The end was near. The besieged savages called from their palisades to ask if they might send another deputation, and were told that they were free to do so. The chief, Pemoussa, soon appeared at the gate of the fort, naked, painted from head to foot with green earth, wearing belts of wampum about his[Pg 293] waist, and others hanging from his shoulders, besides a kind of crown of wampum beads on his head. With him came seven women, meant as a peace-offering, all painted and adorned with wampum. Three other principal chiefs followed, each with a gourd rattle in his hand, to the cadence of which the whole party sang and shouted at the full stretch of their lungs an invocation to the spirits for help and pity. They were conducted to the parade, where the French and the allied chiefs were already assembled, and Pemoussa thus addressed them:


      LA BARRE REBUKED. * Marie de lIncarnation, Lettre, 26 Juin, 1660.


      [3] Le Roy La Barre, 21 Juillet, 1684; Le Roy Denonville et Champigny, 30 Mars, 1687.Now rose the question whether the army should proceed in a direct course to Fort Duquesne, hewing a new road through the forest, or march thirty-four miles to Fort Cumberland, and thence follow the road made by Braddock. It was the interest of Pennsylvania that Forbes should choose the former route, and of Virginia that he should choose the latter. The Old Dominion did not wish to see a highway cut for her rival to those rich lands of the Ohio which she called her own. Washington, who was then at Fort Cumberland with a part of his regiment, was earnest for the old road; and in an interview with Bouquet midway between that place and Raystown, he spared no effort to bring him to the same opinion. But the quartermaster-general, Sir John Sinclair, who was supposed to know the country, had advised the Pennsylvania route; and both Bouquet and Forbes were resolved to take it. 134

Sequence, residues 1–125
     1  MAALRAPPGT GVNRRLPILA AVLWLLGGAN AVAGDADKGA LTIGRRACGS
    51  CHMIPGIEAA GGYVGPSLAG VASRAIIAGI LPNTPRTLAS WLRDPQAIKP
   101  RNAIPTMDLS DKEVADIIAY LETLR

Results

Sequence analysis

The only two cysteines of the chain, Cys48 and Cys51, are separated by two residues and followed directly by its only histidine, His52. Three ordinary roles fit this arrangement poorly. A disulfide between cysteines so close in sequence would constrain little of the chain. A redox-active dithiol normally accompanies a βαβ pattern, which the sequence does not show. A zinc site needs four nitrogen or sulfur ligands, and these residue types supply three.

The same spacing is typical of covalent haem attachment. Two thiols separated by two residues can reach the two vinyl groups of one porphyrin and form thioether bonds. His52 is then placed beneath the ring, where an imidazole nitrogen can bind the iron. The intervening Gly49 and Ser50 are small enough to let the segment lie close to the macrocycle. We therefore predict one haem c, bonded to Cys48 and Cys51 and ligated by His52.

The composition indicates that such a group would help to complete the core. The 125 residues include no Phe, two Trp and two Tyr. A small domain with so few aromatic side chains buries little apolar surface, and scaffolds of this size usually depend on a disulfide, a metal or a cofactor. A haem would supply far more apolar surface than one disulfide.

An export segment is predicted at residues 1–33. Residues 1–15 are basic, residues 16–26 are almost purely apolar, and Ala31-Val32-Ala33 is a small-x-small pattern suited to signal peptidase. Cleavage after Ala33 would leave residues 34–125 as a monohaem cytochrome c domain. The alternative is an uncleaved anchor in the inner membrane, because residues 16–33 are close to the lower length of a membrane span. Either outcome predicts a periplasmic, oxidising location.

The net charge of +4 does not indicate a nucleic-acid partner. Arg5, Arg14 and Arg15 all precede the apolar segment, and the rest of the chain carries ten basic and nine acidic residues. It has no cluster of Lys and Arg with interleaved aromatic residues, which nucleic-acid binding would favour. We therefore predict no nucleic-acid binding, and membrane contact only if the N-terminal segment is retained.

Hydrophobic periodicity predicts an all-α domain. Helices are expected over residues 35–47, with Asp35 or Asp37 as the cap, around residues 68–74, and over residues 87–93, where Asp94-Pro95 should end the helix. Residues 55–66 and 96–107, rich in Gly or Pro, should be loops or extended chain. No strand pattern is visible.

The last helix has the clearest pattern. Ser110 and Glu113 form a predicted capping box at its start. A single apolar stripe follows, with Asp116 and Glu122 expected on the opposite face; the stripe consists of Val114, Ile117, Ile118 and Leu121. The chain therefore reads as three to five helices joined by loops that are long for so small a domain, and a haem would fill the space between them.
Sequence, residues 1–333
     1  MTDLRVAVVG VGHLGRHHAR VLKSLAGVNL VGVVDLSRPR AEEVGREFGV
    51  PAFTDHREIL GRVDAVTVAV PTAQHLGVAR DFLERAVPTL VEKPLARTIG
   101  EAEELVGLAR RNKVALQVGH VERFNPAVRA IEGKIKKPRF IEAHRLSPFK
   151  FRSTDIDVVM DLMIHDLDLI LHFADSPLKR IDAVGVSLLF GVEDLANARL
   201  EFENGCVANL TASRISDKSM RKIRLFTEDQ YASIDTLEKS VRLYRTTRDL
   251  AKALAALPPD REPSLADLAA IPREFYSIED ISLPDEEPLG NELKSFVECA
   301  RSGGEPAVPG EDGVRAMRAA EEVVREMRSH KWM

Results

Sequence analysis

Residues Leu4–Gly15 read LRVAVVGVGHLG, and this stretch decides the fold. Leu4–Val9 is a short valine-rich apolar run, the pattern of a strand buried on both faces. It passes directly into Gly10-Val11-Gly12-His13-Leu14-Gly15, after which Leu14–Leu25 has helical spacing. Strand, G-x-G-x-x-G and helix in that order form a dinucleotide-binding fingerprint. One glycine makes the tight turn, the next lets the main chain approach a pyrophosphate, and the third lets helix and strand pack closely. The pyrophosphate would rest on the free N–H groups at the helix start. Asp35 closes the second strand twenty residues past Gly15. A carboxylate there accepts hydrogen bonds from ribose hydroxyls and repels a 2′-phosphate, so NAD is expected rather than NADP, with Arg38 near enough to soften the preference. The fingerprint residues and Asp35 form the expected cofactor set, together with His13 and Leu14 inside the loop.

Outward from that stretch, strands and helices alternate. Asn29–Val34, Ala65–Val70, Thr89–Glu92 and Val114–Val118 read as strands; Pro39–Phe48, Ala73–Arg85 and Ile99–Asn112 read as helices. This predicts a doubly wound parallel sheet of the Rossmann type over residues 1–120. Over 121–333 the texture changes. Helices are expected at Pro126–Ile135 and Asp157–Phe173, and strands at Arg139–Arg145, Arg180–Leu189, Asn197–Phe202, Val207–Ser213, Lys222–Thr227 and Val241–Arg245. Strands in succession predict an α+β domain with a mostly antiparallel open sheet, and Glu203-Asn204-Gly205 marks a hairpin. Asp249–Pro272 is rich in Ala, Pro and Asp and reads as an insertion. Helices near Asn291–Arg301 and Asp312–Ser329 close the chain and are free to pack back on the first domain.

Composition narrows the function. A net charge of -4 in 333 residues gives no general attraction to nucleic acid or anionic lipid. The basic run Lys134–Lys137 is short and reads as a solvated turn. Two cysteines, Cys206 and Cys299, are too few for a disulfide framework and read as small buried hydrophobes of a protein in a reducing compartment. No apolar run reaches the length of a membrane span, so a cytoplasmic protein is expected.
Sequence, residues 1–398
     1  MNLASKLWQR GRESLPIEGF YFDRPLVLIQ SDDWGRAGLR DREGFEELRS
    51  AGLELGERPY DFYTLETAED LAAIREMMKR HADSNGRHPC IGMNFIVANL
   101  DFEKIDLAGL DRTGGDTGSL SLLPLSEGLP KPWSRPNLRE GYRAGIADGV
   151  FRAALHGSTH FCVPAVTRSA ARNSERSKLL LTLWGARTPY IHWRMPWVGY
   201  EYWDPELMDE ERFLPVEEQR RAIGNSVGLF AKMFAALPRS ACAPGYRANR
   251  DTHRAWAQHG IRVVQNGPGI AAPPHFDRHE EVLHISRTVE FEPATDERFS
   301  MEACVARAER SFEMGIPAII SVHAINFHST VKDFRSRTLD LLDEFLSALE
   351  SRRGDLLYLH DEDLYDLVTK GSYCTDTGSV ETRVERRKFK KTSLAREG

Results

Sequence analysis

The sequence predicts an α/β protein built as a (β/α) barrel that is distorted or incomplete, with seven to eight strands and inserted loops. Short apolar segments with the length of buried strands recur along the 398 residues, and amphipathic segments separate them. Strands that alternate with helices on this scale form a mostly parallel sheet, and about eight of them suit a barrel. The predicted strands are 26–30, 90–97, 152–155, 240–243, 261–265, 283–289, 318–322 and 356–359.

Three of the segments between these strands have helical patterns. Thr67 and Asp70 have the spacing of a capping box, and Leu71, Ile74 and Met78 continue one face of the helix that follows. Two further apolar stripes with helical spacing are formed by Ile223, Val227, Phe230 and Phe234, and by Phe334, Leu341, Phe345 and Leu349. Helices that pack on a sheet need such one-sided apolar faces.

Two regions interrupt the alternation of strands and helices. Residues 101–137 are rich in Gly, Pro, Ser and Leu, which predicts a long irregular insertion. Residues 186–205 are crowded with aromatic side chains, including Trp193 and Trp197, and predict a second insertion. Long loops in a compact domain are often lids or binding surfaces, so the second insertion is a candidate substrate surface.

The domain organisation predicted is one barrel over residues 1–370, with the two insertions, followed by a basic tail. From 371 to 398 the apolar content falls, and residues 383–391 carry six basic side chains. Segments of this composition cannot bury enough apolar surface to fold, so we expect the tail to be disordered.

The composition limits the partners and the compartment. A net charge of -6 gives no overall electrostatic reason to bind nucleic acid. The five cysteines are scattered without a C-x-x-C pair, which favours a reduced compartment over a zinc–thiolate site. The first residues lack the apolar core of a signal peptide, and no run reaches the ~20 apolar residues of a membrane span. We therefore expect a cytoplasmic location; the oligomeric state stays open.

Here is a strange confession for a man like La Salle. Without doubt, the timidity of which he accuses himself had some of its roots in pride; but not the less was his pride vexed and humbled by it. It is surprising that, being what he was, he could have brought himself to such an avowal under any circumstances or any pressure of distress. Shyness; a morbid fear of committing himself; and incapacity to express, and much more to simulate, feeling,a trait sometimes seen in those with whom feeling is most deep,are strange ingredients in the character of a man who had grappled so dauntlessly with life on its harshest and rudest side. They were deplorable defects for one in his position. He lacked that sympathetic power, the inestimable gift of the true leader of men, in which lies the difference between a willing and a constrained obedience. This solitary being, hiding his shyness under a cold reserve, could rouse no enthusiasm in his followers. He lived in the purpose which he had made a part of himself, nursed his plans in secret, and seldom asked or accepted advice. He trusted himself, and learned more and more to trust no others. One may fairly infer that distrust was natural to him; but the [Pg 341] inference may possibly be wrong. Bitter experience had schooled him to it; for he lived among snares, pitfalls, and intriguing enemies. He began to doubt even the associates who, under representations he had made them in perfect good faith, had staked their money on his enterprise, and lost it, or were likely to lose it. They pursued him with advice and complaint, and half believed that he was what his maligners called him,a visionary or a madman. It galled him that they had suffered for their trust in him, and that they had repented their trust. His lonely and shadowed nature needed the mellowing sunshine of success, and his whole life was a fight with adversity.One point was clear; the French must make a settlement at Onondaga, and that speedily, or, despite their professions of brotherhood, the Onondagas would make war. Their attitude became menacing; from urgency they passed to threats; and the two priests felt that the critical posture of affairs must at once be reported at Quebec. But here a difficulty arose. It was the beaver-hunting season; and, eager as were the Indians for a French colony, not one of them would offer to conduct the Jesuits to Quebec in order to fetch one. It was not until nine masses had been said to Saint John the Baptist, that a number of Indians consented to forego their hunting, and escort Father Dablon home. ** Chaumonot remained at Onondaga, to watch his dangerous hosts and soothe their rising jealousies.